Hitachi has produced a finger tip scanner that scans patterns of micro veins beneath the surface of the skin rather than finger prints and has managed to get the scanners installed in ATM machines in Warsaw, Poland. Poland's cooperative BPS bank claims to be the first bank in Europe to install biometric identity verification on it's ATMs.
Hitachi claims the likelihood of a false positive is about 1 in 1 million, or roughly as accurate as an iris scan which is generally accepted as the most secure of methods to date. Perhaps I watch too many spy movies but the first thing that came to my mind was quickly dispelled as I read further in CNN's article, "And before you ask, no -- it doesn't work with fingers that have been chopped off," said Peter Jones, Hitachi's head of security and solutions in Europe. (Admit it, you were thinking it too!)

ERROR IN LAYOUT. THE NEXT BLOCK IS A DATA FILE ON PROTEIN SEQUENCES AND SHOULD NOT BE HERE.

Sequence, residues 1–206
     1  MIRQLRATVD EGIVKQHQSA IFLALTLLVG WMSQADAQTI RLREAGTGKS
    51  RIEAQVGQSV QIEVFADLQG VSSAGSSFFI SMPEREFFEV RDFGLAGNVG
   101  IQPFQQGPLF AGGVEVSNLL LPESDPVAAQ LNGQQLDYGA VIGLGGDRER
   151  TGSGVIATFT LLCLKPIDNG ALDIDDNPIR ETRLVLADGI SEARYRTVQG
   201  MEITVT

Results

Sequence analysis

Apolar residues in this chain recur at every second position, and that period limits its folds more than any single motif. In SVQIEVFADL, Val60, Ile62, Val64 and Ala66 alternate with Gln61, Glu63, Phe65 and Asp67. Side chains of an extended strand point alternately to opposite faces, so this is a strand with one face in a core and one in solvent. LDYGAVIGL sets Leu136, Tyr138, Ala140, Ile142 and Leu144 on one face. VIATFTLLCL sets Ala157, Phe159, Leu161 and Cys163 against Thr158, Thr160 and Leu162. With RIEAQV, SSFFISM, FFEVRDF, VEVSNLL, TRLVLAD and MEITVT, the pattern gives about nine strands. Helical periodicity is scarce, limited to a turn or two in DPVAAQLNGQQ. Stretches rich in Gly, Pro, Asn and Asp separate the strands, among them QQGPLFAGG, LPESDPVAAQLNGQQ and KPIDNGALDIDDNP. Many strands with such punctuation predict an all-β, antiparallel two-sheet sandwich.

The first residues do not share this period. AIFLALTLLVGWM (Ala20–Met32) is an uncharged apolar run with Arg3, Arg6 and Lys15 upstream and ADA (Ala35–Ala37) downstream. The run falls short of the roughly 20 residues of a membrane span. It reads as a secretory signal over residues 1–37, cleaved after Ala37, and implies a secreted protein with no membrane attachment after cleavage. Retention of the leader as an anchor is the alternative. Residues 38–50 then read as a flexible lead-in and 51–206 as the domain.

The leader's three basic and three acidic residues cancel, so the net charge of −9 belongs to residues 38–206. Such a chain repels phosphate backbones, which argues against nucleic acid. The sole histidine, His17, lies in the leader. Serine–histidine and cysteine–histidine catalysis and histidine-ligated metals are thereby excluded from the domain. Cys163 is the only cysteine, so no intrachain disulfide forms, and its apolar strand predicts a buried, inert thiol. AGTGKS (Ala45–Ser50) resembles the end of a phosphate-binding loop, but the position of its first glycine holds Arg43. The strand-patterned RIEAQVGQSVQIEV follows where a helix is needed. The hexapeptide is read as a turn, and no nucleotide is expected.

I hadn't realized that Poland was so forward thinking but Jone's goes on to say "It's no surprise that Poland is the first in Europe. They are one of the most proactive at addressing the challenges of the information age. When they host the EU presidency in 2012, they want to say to the world: 'Look at what we've achieved.'"